Splunk debuted as a public company in April 2012. Priced at $US17 the stock closed at $US31.75, up 88% on its first day of trading .The shares traded sideways for most of 2012 in a lacklustre market. I met with the company in March of 2013, was impressed by the story, initiated a fund position in the low 30s and enjoyed a stellar run into the high $US70s. The stock continued to rally into the first quarter of 2014 along with all the other ultra-high growth tech names and peaked at $US92.75. Since then a combination of profit taking and a “risk off” market environment for high-growth names has seen Splunk fall back to Earth in spite of good numbers and positive guidance.

Conclusion and Recommendation

The investment case for Splunk is a combination of what I believe to be an attractive entry point in terms of the stock price in a company that is growing the top line at 50% plus AND an opportunity to participate in the company’s growth as it continues to improve and expand its vertical footprint (broadening out in a variety of industries), upsell a growing installed base, and gain a significant share of public sector business. International, currently only 20% of revenues, will also be a growth opportunity. The company is targeting international to be at least 30% of total revenues over the medium term.

Since Splunk is cash flow positive we can value the company on a discounted cash flow (DCF) methodology.*  Assuming a terminal NPV of $US5650 in FCF and 108 million shares outstanding plus 10% of revenues in cash we get a target price of $US55.00.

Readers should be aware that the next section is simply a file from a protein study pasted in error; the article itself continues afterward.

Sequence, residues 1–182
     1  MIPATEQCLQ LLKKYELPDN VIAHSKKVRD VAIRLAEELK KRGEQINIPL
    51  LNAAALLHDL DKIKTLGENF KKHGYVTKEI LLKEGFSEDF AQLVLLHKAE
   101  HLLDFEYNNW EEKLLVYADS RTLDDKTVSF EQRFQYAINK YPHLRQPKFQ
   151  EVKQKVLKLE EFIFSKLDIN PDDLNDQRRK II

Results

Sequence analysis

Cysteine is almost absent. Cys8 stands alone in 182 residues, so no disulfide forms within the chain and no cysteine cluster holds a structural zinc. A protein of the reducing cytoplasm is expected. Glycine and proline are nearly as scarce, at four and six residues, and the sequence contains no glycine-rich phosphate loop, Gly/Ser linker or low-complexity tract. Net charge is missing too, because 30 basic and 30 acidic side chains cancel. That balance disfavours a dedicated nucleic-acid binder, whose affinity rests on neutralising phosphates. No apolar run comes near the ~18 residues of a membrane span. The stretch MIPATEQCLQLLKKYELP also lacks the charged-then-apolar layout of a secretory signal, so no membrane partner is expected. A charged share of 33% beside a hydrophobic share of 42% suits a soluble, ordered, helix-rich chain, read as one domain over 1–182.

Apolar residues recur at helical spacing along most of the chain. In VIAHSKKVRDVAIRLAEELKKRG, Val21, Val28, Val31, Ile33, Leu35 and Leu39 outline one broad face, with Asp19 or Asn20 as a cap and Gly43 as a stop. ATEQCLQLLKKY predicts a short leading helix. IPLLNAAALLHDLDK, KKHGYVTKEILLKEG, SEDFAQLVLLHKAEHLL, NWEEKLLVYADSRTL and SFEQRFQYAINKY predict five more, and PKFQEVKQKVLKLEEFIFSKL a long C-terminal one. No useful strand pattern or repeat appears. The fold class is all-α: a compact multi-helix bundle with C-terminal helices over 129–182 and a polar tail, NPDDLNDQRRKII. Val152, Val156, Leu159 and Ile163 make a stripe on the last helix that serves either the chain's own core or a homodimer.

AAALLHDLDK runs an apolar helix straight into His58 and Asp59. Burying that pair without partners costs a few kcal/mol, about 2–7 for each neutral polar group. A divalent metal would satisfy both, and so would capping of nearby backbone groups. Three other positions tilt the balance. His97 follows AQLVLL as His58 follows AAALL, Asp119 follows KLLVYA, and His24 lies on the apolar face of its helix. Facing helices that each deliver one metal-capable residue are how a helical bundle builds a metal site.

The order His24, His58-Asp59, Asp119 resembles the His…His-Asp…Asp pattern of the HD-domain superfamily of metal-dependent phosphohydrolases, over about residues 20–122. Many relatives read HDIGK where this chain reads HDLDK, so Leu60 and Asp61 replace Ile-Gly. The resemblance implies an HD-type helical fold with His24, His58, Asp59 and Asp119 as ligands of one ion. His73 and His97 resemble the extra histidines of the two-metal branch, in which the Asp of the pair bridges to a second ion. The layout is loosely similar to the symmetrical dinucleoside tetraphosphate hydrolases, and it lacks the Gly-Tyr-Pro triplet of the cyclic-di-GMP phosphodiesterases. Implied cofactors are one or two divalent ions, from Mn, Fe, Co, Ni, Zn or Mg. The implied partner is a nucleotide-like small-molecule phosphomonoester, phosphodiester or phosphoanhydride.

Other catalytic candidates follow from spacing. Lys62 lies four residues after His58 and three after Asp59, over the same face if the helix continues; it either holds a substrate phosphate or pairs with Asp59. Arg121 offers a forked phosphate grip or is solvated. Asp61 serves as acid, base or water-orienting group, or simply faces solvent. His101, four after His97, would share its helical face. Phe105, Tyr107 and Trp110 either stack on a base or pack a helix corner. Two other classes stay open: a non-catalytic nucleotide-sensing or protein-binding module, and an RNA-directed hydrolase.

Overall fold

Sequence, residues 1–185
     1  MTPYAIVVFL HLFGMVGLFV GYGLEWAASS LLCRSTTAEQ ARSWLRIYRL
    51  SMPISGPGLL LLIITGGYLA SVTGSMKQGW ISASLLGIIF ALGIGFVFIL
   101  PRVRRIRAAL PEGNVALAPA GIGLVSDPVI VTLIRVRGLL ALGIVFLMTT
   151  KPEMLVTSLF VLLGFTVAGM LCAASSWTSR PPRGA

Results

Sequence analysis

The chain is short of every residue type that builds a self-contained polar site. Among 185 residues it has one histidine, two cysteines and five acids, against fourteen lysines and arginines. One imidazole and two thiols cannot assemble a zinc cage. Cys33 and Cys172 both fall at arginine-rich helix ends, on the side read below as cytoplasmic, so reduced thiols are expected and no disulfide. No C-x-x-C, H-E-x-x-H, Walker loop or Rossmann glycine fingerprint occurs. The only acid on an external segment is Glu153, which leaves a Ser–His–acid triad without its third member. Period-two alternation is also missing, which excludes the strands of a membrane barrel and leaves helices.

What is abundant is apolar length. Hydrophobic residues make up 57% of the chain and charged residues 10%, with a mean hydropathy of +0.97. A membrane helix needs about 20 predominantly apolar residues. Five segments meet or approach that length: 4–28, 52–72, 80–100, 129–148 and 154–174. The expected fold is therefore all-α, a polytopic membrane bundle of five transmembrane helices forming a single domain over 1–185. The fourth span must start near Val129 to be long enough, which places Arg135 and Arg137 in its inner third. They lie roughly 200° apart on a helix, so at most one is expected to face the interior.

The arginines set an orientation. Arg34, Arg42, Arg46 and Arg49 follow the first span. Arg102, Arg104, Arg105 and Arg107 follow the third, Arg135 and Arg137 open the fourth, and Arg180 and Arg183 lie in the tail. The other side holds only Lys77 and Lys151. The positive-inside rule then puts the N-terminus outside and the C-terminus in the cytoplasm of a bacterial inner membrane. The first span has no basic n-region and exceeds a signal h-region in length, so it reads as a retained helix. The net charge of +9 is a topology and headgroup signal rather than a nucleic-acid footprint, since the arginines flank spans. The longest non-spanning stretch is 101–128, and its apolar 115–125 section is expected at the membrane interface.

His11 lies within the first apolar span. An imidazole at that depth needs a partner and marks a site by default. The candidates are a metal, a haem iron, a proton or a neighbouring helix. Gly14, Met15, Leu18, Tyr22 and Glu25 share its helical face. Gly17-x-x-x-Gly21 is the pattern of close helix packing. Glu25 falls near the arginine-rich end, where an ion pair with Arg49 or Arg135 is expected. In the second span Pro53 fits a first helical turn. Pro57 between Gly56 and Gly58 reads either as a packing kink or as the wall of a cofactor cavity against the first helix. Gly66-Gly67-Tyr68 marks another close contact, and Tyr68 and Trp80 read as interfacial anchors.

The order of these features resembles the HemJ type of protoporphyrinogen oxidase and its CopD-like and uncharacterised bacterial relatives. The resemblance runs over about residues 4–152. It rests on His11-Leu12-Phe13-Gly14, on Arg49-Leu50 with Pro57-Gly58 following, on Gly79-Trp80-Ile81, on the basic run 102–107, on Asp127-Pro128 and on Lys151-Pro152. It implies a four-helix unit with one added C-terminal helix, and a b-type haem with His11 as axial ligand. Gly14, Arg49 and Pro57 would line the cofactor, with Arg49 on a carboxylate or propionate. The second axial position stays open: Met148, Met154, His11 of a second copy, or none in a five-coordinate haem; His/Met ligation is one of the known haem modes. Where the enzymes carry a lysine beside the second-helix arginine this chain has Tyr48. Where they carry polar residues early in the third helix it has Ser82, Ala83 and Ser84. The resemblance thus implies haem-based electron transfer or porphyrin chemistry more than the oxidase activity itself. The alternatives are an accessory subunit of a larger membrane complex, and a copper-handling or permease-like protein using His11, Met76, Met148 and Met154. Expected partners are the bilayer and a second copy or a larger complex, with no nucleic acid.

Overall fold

Splunk is currently trading at $US42 – therefore a buying opportunity for patient investors who can appreciate the big data thesis and can also tolerate a lot of share price volatility

(*DCF assumptions; Risk free rate 3.5%, 1.4 beta, 12.5% cost of equity in Year 1 and a terminal growth rate of 5.0% )

Risks

Large IT vendors such as IBM, Microsoft, Computer Associates, and Oracle have flagged “Big Data” as a growth area. Whether they try and replicate Splunk’s functionality in the machine logging space (which is patent protected) or take another approach is open to question.

Splunk’s consumption based pricing model could come under pressure as data volumes grow in excess of 40-50% per annum and customers become more price sensitive possibly inviting some competitive threats of discounts.

Splunk’s products are based on a single technology which may or may not evolve into multiple platforms.